Hyundai to recall 76,000 electric vehicles over battery fire risk
South Korea’s Hyundai, the world’s fourth-largest electric vehicle maker, has announced the recall of 76,000 electric vehicles worldwide to replace the batteries due to to the impact of electrical fires, following a series of similar recalls by other automakers.
The recall will affect Hyundai’s Kona EV model, as well as certain Ioniq EV models and electric buses built between November 2017 and March 2020.
The battery cells for these vehicles were manufactured at a factory in Nanjing, China, owned by Korean chemicals giant LG Chem.
The recall will cost Hyundai around $ 900 million, making it the most expensive recall of an electric vehicle, says Lee Hang-koo, advisor at Korea Automotive Technology Institute.
Hyundai and LG Energy Solution, the 100% owned battery unit by LG Chem, are discussing how they will share the cost of replacing the battery.
Last october, Hyundai recall 77,000 Kona vehicles to upgrade their batteries after some cars caught fire with similar battery issues.
The electric vehicle industry, already facing production hurdles due to the global shortage of semiconductors (a critical component of such vehicles), has been criticized for the safety of its batteries. The problem was highlighted earlier this month when a vehicle manufactured by Hyundai electric bus caught fire in South Korea during the operation, although no one was injured. Other automakers have embarked on similar recalls for faulty batteries. Last november, General Motors said he would recall nearly 69,000 Chevy Bolts (including 51,000 in the United States) following reports of at least five battery fires in vehicles between 2017 and 2019. These batteries were also manufactured by LG Chem. “Cell packs from affected vehicles have the potential to smoke and ignite inside, which could spread to the rest of the vehicle and cause a structural fire if parked inside a vehicle. garage or near a house, ”the National Highway Traffic Safety Administration said in a statement at the time. Last October, BMW recalled nearly 27,000 plug-in hybrid vehicles (including 4,500 in the United States) for fear that batteries manufactured by Samsung could potentially short circuit and cause a fire. Last August, Ford recalled 27,000 of its Kuga plug-in hybrid vehicles for similar battery safety concerns after reports of at least four fires due to overheating high-voltage batteries. In June 2019, Audi recalled approximately 1,600 of its E-Tron model, its first EV in the United States, due to battery fire issues.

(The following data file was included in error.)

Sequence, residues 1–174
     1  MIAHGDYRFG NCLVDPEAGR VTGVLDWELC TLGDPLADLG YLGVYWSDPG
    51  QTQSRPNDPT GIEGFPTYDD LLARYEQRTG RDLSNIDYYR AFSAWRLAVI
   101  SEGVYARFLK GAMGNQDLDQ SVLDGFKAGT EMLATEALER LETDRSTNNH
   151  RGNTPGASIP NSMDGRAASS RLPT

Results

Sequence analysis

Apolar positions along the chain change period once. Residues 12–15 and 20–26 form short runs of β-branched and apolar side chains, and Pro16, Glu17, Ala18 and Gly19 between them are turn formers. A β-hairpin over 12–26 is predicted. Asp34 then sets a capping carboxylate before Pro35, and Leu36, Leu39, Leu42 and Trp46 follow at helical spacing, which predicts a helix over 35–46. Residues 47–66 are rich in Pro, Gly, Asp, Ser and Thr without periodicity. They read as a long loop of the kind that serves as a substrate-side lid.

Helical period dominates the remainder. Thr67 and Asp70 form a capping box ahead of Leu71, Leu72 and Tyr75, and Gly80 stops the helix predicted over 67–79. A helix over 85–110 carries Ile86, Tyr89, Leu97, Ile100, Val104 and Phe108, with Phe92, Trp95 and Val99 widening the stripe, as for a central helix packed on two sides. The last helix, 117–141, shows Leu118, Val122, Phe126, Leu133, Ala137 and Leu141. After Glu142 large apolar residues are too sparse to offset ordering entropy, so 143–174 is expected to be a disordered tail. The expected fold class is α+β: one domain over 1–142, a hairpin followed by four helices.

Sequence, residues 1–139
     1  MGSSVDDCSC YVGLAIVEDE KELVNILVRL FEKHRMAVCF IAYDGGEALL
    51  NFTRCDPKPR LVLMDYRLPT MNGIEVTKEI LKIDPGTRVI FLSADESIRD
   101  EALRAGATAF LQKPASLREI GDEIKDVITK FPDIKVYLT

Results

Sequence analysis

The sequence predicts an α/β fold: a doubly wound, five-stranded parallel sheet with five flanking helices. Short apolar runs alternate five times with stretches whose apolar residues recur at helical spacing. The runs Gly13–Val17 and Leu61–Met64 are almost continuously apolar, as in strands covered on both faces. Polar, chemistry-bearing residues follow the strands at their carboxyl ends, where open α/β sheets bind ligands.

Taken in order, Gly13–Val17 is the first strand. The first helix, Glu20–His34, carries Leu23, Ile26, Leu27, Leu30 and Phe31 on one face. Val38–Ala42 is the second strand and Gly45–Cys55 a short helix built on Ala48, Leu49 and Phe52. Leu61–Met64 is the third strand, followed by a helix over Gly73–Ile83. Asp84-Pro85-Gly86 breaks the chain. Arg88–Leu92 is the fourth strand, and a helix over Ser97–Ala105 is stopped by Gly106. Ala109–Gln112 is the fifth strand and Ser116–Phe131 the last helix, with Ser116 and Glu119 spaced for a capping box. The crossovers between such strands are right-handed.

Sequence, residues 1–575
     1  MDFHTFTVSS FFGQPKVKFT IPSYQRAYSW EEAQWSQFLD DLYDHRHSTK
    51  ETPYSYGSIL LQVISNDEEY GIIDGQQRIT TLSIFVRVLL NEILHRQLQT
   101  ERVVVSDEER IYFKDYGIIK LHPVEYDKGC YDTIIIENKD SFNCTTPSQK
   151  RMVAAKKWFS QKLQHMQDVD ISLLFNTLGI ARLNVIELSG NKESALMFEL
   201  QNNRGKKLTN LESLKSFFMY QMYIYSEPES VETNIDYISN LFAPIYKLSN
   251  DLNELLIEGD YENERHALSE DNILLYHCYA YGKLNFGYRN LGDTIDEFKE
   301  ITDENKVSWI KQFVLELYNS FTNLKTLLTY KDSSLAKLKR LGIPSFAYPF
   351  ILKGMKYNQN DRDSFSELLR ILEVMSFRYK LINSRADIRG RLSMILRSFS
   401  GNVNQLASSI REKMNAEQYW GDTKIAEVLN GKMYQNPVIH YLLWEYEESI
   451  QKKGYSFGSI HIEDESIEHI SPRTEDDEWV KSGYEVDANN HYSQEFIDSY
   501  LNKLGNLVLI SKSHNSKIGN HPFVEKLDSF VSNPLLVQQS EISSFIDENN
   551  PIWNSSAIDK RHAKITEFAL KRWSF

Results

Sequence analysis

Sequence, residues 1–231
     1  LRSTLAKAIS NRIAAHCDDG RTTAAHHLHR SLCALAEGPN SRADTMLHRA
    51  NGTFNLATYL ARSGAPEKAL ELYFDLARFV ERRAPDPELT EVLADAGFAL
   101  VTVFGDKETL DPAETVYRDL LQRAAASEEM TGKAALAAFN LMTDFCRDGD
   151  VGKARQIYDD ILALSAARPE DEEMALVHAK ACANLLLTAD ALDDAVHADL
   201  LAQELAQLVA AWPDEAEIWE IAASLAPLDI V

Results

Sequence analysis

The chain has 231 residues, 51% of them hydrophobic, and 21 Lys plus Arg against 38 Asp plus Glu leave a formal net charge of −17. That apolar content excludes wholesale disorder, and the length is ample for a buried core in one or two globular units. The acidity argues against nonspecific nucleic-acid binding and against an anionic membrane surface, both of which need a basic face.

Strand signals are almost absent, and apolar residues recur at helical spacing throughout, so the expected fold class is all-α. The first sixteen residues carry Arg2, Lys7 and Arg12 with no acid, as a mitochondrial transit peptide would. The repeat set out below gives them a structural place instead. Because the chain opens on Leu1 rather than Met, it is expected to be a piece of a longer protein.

Earlier this year, the world’s largest electric vehicle maker, Tesla, recalled 135000 of its Model S and Model X cars, but that was due to issues with the touchscreen display circuitry.
“GM suffers from a similar problem, so Hyundai’s move will intensify feuds between electric vehicle makers and battery producers over who should be held responsible.” Chung Sung-yop, an analyst at Daiwa Securities in Japan, told Financial Times.